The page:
H. 73 1/4 in. (186 cm)
W. 51 3/4 in. (131.4 cm)
D. 3 9/16 in. (9 cm)
Wt. 780 lbs in crate (353.8 kg)
Rogers Fund, 1993
On view at The Met Fifth Avenue in Gallery 450
Jalis, or pierced screens, were used extensively in Indian architecture as windows, room dividers, and railings. In the course of the day, the movement of their patterns in silhouette across the floor would enhance the pleasure of their intricate geometry. This jali, one of a pair, would have formed part of a series of windows set in an outside wall, as suggested by the weathering on one side. They are attributed to the reign of the Mughal emperor Akbar (r. 1550–1605), when red sandstone was the favored building material.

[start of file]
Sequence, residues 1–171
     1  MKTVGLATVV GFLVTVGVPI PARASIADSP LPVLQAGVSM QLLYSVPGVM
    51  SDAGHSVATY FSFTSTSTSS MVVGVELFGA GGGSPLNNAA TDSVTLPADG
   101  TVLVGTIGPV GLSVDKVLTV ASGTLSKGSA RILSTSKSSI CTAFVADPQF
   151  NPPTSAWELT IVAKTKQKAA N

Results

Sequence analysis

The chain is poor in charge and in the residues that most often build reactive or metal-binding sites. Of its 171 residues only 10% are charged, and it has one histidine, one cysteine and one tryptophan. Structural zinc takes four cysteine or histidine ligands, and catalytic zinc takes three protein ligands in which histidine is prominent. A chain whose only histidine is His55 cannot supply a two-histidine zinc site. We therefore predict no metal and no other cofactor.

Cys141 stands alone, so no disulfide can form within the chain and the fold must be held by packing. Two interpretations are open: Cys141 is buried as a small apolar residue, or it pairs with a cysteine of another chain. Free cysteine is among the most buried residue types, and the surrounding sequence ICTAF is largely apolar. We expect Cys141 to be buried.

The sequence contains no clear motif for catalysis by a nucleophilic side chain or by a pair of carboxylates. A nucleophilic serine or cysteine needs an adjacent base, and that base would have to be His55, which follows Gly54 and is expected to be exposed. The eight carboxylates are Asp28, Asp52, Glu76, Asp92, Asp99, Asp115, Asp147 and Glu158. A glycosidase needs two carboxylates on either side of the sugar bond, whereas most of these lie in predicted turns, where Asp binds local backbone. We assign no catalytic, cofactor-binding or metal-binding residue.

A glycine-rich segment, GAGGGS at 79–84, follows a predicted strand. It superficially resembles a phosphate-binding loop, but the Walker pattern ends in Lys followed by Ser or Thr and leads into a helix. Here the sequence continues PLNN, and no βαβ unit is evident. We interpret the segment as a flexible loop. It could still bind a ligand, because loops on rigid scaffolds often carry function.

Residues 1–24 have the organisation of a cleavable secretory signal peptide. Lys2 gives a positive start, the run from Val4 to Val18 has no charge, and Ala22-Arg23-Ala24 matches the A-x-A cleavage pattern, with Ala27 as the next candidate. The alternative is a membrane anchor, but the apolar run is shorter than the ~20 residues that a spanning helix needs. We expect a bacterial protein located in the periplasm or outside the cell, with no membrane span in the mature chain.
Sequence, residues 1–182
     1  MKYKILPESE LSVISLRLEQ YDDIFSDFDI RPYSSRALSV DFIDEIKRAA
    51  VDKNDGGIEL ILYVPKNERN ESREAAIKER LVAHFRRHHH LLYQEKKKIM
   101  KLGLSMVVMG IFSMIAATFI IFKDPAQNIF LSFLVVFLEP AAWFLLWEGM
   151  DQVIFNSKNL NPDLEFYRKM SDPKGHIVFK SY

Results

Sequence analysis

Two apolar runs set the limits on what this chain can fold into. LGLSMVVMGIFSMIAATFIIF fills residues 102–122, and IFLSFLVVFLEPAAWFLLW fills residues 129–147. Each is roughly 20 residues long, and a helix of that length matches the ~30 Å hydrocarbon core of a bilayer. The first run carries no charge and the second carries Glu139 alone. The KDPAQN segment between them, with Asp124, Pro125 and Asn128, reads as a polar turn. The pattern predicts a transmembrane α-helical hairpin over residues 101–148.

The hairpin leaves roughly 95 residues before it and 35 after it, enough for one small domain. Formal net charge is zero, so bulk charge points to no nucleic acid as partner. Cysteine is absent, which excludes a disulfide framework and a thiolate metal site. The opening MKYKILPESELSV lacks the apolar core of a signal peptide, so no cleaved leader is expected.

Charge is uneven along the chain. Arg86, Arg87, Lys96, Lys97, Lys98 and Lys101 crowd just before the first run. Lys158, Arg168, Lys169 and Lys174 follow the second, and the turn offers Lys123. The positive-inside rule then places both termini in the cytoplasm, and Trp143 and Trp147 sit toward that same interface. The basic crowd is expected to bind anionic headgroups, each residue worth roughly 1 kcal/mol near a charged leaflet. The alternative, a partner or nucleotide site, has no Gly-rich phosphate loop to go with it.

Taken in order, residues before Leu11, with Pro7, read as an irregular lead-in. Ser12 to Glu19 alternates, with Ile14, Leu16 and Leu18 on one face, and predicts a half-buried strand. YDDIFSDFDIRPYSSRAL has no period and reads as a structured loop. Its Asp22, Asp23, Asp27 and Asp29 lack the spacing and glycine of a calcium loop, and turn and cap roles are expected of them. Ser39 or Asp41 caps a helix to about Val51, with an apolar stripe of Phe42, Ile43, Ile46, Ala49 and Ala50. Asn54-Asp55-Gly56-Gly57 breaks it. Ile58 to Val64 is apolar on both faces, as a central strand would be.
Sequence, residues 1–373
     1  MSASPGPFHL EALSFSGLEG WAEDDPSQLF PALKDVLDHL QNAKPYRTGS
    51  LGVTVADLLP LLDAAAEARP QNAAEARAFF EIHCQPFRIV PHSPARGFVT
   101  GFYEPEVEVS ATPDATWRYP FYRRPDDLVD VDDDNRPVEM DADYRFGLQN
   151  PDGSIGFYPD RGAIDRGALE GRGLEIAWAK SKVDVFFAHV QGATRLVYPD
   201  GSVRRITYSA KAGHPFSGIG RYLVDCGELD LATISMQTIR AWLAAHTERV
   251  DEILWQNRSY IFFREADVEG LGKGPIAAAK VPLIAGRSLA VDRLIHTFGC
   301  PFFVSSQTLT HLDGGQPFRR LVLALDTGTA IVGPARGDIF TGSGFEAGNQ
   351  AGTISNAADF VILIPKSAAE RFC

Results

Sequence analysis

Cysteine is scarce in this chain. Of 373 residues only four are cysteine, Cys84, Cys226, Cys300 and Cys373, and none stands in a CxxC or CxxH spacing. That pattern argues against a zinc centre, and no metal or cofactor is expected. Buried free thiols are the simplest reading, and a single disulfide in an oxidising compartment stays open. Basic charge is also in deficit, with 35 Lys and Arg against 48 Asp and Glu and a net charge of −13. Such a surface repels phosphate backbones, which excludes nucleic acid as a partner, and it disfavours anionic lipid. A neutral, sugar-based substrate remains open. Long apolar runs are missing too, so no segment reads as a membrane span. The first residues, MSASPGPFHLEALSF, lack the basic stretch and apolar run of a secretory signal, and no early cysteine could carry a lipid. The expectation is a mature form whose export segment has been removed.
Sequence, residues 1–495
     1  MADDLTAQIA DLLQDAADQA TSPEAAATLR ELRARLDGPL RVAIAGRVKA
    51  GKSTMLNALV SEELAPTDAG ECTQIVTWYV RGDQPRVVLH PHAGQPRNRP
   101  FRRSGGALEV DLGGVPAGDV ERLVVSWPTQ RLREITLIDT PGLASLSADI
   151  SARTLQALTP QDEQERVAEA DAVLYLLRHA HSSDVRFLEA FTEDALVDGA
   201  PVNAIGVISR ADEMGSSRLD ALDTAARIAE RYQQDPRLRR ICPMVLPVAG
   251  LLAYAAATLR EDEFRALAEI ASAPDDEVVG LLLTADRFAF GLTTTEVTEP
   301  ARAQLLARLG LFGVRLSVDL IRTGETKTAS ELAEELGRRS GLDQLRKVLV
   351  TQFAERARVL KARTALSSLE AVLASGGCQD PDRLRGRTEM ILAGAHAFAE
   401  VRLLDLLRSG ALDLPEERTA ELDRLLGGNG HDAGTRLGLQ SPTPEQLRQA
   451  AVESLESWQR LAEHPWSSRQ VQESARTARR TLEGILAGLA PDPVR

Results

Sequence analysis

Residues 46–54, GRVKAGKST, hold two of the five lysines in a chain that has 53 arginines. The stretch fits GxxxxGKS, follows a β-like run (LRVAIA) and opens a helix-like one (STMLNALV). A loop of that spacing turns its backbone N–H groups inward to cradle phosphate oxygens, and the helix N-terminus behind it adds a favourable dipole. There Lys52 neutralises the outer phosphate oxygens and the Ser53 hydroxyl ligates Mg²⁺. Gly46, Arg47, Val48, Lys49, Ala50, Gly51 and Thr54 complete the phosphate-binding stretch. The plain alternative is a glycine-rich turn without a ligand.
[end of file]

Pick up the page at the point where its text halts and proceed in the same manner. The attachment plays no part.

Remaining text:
Vipasha, Ltd., London, until 1993; sold to MMA]
Ekhtiar, Maryam, Sheila R. Canby, Navina Haidar, and Priscilla P. Soucek, ed. Masterpieces from the Department of Islamic Art in The Metropolitan Museum of Art. 1st ed. ed. New York: The Metropolitan Museum of Art, 2011. pp. 12, 14.